Today’s Learners – Tomorrow’s Leaders
Ruth Burke| Deira International School Dubai
Ruth Burke, Director of Deira International School (1)

In selecting a school for our children, there are many elements parents will investigate. In choosing the correct pathway and setting for any child, decisions will be based on a range of factors. Here in Dubai, the range of options is vast, in terms of price point, curriculum and location.

One aspect of critical importance on any child’s successful learning journey which should be founded in success, challenge and happiness will be their readiness and agility in selecting and managing their own professional or vocational and career pathway. Equipping students with the skills necessary needs to be an area of focus for all schools and educators, strategically embedded in both the formal and hidden curriculum at schools.

An emphasis on developing leadership skills and opportunities in students within and beyond the school gates should be significant. From primary age, a range of leadership groups can work closely with staff, parents and their peers to positively impact practices, policy and provision. Groups such as our Wellbeing Warriors, Heritage Heroes and Tech Gurus are an integral part of many school approaches to leadership development with Student Counselors, Performing Arts Leaders, Journalists and Paparazzi groups work diligently to impact both within and beyond the school gates.

A focus on communication, collaboration and connectivity, cultivated from early years with peer led learning opportunities and a formalized buddy learning system in place can further develop the skills required for students to be ready and able to maximize their learning opportunities. The Wakeham Review of STEM (Science, Technology, and Engineering & Mathematics) degree provision and employability (2016) stressed the importance of building transferable skills and providing work experience. It commented on the need for ‘softer skills such team-work and project management’ to be embedded in the curriculum and for more employers to offer work experience.

Many Schools offer a program of structured vocational support and work experiences including access to a range of specialist speakers, mentors and facilitators who help to inspire students and make the world of work tangible and highly accessible.

Internships for example, afford students great scope to develop their experiential learning. The IBCP (International Baccalaureate Career-related Program) includes a work placement component, an area highly valued by employers,59% of employers rating it as one of their most important factors when recruiting graduates (CBI/Pearson, 2017). 65% of employers in the Employers Perspectives Survey (2016) rated relevant work experience as critical or significant when recruiting too, rating it more highly than academic or vocational qualifications (Duke of Edinburgh (DofE) awards, 2017). In addition, higher education students who undertook any type of work experience are more likely to attain a graduate job (BIS, 2013).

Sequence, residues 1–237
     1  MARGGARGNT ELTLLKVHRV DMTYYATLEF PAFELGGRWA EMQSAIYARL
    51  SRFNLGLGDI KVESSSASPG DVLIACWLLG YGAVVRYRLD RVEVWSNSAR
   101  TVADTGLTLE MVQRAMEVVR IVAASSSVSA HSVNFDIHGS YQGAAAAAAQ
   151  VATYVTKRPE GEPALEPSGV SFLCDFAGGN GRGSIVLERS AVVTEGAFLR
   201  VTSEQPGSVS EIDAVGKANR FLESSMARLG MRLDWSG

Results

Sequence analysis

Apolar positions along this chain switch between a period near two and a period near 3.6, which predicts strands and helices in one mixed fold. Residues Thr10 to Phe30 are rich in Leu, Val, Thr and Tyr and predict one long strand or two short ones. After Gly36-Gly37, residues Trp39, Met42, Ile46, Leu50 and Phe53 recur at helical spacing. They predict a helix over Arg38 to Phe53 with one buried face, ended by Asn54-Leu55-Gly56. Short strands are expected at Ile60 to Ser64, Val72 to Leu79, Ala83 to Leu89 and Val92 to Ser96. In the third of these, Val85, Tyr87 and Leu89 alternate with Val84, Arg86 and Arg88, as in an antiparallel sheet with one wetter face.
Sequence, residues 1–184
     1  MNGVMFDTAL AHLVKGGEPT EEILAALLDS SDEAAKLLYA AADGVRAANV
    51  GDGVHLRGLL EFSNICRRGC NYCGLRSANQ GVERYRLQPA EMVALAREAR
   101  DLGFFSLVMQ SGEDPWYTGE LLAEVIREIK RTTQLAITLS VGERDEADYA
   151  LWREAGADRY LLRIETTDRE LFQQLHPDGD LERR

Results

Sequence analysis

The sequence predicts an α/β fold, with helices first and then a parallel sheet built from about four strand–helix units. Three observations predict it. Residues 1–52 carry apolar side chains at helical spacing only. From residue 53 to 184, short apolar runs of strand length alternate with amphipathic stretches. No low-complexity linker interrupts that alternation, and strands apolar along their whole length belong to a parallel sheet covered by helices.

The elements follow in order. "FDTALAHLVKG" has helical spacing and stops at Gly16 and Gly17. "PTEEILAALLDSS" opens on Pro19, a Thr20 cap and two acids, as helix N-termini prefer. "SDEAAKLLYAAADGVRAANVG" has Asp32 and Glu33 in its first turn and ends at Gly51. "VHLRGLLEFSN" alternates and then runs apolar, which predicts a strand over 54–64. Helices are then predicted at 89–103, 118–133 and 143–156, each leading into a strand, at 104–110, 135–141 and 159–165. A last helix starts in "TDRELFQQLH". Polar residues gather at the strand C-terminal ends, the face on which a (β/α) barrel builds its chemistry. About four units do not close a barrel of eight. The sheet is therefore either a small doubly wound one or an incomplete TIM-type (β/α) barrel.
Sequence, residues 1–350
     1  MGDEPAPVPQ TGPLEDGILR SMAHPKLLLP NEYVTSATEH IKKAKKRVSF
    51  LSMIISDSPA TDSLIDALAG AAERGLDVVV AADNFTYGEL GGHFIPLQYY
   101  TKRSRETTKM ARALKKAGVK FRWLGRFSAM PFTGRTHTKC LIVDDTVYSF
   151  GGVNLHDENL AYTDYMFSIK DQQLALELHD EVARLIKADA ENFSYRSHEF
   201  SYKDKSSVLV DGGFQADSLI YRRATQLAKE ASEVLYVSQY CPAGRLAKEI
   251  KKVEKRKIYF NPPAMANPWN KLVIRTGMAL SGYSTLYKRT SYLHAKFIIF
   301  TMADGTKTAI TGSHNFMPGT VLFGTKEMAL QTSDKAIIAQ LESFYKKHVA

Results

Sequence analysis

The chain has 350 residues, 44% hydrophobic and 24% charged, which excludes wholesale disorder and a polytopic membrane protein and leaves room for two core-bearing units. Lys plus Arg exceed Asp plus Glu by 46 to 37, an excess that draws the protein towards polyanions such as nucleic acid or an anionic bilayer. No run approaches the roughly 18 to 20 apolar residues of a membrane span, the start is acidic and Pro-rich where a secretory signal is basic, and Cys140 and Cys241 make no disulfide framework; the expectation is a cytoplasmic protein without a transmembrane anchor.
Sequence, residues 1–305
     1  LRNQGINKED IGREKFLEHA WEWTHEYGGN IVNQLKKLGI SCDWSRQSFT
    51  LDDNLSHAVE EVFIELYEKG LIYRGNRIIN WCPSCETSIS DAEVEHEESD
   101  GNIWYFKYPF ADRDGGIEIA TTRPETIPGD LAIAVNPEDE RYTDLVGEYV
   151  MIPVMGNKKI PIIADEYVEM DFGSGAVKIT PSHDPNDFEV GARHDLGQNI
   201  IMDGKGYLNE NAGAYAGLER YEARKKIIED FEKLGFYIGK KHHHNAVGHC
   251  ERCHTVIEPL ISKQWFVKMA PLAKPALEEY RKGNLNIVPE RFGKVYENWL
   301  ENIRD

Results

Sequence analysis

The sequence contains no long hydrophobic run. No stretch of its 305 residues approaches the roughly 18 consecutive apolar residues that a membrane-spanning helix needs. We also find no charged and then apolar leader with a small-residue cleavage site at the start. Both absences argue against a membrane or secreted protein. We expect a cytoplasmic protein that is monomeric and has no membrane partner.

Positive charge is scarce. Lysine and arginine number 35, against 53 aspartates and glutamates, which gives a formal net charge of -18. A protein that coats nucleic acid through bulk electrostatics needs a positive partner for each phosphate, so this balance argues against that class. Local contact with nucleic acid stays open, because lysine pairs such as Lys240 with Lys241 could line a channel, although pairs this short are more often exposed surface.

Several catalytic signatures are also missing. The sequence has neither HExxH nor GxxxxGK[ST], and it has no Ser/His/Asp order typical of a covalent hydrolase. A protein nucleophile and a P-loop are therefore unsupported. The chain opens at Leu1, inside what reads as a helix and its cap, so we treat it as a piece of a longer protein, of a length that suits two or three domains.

It’s proven that school systems which systematically develop work placement opportunities engender the success of students over the long-term.

Brandon Busteed, executive director of Gallup’s higher education division, claims that setting up students in a professional environment, interning, for example, is key in preparing them for a successful transition to working lifestyle, expectations and the environment of the workplace. The traditional model of preparing students for tertiary education needs review. Students must be nurtured, through all programs, to develop and refine the skills, attitudes and knowledge for life beyond formal education.

The additional value brought by ensuring meaningful work placement with honest feedback and systems in place to support improvement will contribute to personal growth and to deeper learning.

About the Author

Ruth Burke, currently works as a Director of Deira International School. She is a school leader with the distinction of having led outstanding schools in Dubai for over ten years.

Educated in Trinity College, Dublin and later in Bath University UK, Ruth holds a Masters’ Degree in Educational Leadership and is a strong proponent of empowering staff through distributed leadership models. Her strong connection with Learning and Teaching, as well as her aspirational approaches to all aspects of education, make Ruth a very in touch and visible presence to students, staff and parents. Her relentless pursuit for excellence has been instrumental in building schools of considerable repute where inspection, academic outcomes and aspiration levels evidence her high expectations approach and a culture of collaboration, with parents as partners as a key component.

Mother of three, with children, spanning 6 years to 24 years of age, her passion for creating high- performing learning opportunities for both students and staff is tangible and her drive to ensure quality outcomes for all learners is refreshing.

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